Progesterone, or rather its neuroactive metabolite allopregnanolone, influences amygdala activity and thereby influences cognition and memory.

Progesterone and mood
It appears the influence of progesterone supplement, mood and anxiety is related to the dosage.

Allopregnanolone concentration and mood–a bimodal association in postmenopausal women treated with oral progesterone.
Psychopharmacology. 2006. Umeå Neurosteroid Research Center, Department of Clinical Science, Obstetrics and Gynecology, Norrlands University Hospital, Umeayg, Sweden.
Allopregnanolone is a neuroactive steroid with contradictory effects. Anaesthetic, sedative, and anxiolytic as well as aggressive and anxiogenic properties have been reported. The aim of this study is to compare severity of negative mood between women receiving different serum allopregnanolone concentrations during progesterone treatment. A randomized, placebo-controlled, double-blind, crossover study of postmenopausal women treated with 2 mg estradiol daily during four treatment cycles. Oral micronized progesterone at 30, 60, and 200 mg/day, and placebo were added sequentially to each cycle. During progesterone treatment, women had significantly higher negative mood scores when allopregnanolone serum concentration was in the range of 1.5-2 nmol/l compared to lower and higher concentrations. In addition, women displayed a significant increase in negative mood during the progesterone treatment period, compared to the estradiol-only period when 30 mg progesterone daily was used. On the other hand, treatment with higher doses of progesterone had no influence on negative mood.Mood effects during progesterone treatment seem to be related to allopregnanolone concentration, and a bimodal association between allopregnanolone and adverse mood is evident.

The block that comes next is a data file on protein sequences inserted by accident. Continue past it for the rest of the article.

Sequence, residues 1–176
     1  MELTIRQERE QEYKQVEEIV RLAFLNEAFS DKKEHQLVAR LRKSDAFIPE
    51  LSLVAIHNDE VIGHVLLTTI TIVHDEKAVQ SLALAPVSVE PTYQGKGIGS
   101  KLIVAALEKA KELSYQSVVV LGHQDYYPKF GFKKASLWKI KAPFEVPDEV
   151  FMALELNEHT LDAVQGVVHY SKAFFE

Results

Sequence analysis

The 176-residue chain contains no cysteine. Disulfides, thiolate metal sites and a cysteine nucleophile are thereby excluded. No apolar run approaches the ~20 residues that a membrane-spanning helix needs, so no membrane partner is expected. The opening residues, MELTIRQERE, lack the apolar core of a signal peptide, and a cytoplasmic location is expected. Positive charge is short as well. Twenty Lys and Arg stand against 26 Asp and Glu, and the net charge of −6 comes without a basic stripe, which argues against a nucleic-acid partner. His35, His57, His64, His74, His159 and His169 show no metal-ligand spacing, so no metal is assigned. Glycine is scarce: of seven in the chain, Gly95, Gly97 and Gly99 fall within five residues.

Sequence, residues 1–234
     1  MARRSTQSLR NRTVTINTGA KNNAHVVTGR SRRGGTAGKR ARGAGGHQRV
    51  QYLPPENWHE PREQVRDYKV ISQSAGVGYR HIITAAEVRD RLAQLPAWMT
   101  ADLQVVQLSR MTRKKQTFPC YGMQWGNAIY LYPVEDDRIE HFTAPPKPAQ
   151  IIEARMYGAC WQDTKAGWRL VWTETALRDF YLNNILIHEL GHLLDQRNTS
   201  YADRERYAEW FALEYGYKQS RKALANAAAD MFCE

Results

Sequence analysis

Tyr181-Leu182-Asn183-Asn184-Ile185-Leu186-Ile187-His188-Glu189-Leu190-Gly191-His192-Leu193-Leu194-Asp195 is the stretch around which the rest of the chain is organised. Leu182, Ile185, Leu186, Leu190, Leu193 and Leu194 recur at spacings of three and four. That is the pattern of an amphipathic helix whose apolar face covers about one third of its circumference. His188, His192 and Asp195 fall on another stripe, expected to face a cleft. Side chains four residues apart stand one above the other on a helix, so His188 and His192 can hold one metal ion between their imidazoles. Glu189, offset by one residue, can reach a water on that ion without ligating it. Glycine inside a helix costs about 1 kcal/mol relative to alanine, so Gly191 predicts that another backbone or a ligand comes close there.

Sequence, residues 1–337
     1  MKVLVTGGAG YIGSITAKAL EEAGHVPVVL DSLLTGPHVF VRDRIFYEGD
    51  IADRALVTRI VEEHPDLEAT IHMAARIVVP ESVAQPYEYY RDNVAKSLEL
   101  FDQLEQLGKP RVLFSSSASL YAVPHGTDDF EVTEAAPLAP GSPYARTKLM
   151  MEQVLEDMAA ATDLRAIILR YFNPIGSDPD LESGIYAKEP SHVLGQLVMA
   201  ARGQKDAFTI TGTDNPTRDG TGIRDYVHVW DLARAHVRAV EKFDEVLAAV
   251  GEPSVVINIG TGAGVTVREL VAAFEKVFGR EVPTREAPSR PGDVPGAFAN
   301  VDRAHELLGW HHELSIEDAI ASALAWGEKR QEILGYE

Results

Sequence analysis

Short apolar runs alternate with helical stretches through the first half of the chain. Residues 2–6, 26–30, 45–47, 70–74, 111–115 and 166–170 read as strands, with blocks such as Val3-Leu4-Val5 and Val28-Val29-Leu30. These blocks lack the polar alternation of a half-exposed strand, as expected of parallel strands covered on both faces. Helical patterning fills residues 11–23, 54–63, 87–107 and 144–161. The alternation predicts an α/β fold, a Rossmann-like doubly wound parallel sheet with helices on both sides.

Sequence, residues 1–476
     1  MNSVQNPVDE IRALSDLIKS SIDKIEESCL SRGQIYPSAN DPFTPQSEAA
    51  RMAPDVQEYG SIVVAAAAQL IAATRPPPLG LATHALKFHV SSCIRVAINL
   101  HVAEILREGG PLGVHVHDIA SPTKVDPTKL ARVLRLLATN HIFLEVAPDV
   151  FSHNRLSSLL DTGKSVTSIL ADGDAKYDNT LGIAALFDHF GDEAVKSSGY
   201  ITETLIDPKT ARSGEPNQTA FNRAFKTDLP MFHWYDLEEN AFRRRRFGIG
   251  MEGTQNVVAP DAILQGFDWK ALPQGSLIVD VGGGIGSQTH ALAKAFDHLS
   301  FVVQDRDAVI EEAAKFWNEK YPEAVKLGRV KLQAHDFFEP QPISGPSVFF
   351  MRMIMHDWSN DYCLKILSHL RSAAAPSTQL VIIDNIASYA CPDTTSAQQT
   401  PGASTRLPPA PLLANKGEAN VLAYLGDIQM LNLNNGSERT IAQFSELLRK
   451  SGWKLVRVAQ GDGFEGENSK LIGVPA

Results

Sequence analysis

Natural Progesterone, where does it come from
Natural progesterone is obtained from compounds derived from soybeans and Mexican yam roots, and occasionally from animal ovaries. The hormone is not available from any natural source without extraction and synthesis.

Q. I noticed that you do not mention wild yam as one of the supplements on your list. I have read that it is good for the stimulation of natural progesterone production. Do you agree with this? Also Dr. Ojeda recommends wild yam, chaste berry, sarsaparilla and yarrow do you concur with this?
A. Wild yam is not converted into progesterone. We have not come across research as to whether wild yam stimulates natural progesterone release.

Oral Micronized Progesterone — Micronizing is a process designed to increase the half-life of progesterone and reduce its destruction in the gastrointestinal tract. Micronization decreases particle size and enhances the dissolution of progesterone. Maximal serum concentrations are achieved more rapidly with orally administered micronized progesterone (Prometrium) than with injected progesterone. Absorption of micronized progesterone is enhanced twofold when the hormone is taken with food.

Natural progesterone source